An English traduction of Müller's Der Leiermann.
Imagine an English speaker hearing Müller's poem read or sung
in German, recognizing a few words, and filling in a ludicrously wrong
idea of what the text might be about.
See also these ``program notes'', which include another song parody, with much the same title and topic but a different base song, that my ``Liar-Man'' inspired Jim Propp to create. My parody was written during the Clinton-Monica scandal, and posted under an anagrammatical pseudonym to several USENET newsgroups in 1998. Any resemblance to or resonance with current political events is purely coincidental.
The Boston/Cambridge suburb of Somerville used to be much seedier
some years ago, suggesting this parody of Summertime.
The last line originally read ``Or I'll bleed you dry''; I don't remember who proposed the new improved version.
Surgeon Special's Warning: Puzzle Solving (2001): posted to the USENET group rec.puzzles (and cross-posted to rec.arts.poems) after one too many ``in words of one syllable'' threads. Some of the trochaic words refer to other persistent rec.puzzles threads. NB: The last and fourth-to-last lines scan correctly, notwithstanding initial appearances...
A tension of tolerance: A talk I gave at Morning Prayers at Harvard's Memorial Church on December 6, 2002. Morning Prayers is a 15-minute service held at Memorial Church's Appleton Chapel every weekday at 8:45AM; it includes a reading from Scripture and a short (5 minutes or so) address by an invited member of the Harvard community. My 6.xii.2002 address, introduced with a few verses from Ecclesiastes, concerns a paradox, somewhat similar to the ``Liar Paradox'', inherent in the idea of tolerance of people of different religious, moral, or spiritual persuasions.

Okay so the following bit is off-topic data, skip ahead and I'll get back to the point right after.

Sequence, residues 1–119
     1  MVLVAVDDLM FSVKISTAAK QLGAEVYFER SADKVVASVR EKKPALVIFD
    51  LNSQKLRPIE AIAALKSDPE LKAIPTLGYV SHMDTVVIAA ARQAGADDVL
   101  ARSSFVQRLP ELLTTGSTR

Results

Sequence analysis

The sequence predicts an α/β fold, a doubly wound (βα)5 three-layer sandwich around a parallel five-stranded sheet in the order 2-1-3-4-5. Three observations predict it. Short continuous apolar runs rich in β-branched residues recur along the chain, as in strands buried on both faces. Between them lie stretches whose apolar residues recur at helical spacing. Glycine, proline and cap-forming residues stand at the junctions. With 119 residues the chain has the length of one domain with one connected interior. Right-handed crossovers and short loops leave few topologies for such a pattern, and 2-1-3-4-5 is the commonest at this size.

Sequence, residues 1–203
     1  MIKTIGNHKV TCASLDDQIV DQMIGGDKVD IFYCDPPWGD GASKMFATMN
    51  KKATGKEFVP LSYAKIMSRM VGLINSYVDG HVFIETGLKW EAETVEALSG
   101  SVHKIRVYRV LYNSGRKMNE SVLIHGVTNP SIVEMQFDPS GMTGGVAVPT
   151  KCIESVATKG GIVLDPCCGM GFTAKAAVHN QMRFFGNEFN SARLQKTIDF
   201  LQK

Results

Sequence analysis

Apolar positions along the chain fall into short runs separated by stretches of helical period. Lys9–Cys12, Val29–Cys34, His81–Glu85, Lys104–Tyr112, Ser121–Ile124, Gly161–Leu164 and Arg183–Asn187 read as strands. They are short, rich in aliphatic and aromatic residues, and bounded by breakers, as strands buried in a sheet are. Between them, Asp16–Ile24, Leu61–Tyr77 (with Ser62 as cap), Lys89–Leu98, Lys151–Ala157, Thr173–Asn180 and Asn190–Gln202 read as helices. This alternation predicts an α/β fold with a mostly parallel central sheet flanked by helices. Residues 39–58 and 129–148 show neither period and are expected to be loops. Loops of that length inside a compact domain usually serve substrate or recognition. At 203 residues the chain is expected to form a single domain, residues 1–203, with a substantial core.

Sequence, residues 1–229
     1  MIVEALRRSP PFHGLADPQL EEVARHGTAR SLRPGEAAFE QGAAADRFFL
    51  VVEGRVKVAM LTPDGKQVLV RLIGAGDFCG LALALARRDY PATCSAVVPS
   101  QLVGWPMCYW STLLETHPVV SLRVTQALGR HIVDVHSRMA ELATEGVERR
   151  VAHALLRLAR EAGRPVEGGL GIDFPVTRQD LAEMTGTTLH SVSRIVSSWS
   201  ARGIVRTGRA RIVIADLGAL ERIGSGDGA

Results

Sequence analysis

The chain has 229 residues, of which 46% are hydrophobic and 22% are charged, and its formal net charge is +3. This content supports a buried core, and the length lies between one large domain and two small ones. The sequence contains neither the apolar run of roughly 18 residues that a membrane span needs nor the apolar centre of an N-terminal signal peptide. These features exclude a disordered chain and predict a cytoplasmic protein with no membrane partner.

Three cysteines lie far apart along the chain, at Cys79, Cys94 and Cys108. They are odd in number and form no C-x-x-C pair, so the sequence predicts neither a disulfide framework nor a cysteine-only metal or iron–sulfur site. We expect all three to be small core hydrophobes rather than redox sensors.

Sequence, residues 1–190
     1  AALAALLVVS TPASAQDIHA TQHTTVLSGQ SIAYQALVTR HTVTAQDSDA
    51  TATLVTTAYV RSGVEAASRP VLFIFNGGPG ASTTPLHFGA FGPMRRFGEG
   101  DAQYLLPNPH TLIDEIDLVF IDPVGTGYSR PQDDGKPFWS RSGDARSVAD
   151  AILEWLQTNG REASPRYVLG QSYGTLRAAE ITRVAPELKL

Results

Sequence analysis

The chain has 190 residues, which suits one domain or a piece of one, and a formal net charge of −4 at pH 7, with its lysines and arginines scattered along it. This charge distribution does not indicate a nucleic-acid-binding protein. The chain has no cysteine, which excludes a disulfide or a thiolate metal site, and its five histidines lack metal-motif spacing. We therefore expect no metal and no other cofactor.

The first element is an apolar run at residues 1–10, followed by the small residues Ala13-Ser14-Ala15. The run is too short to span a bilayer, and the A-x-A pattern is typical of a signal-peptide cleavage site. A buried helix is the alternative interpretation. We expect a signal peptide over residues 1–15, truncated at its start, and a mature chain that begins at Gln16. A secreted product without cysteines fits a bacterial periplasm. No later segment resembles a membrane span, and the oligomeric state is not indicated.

The dark side of Psalm 137 [Rivers of Babylon]: My second Morning Prayers talk, delivered on December 10, 2003. Here I chose a less ambitious topic: what do the familiar opening verses of this Psalm have to do with its shocking (and much less familiar) conclusion?
The numerology of the Beast:
My third Morning Prayers talk, delivered on October 14, 2004.
A cautionary tale about overzealous pattern recognition:
How 666 came to be ``the number of the beast'',
how that dreaded number could be invoked against
everything from Roman numerals to Ronald Reagan, Viagra,
and the World-Wide Web, and the modern science
that can tell pattern from coincidence and wishful thinking.
As with the other Morning Prayers texts here, bracketed words and sentences are explanatory material etc. that I did not actually say in Appleton; texts for public speaking are written differently from texts meant primarily for silent reading.
Of Euclid and equality: My fourth Morning Prayers talk, delivered on April 21, 2006, a few days after Patriots Day: I muse on some connections between a classic patriotic text (``We hold these truths to be self-evident...'' from the Declaration of Independence) and Euclid's classic text on geometry.
The High Holy Days
and prayers for forgiveness:
Yet another Morning Prayers talk, which I was asked to give
on October 1, 2008, the second day of
Some other original (to my knowledge) word puzzles: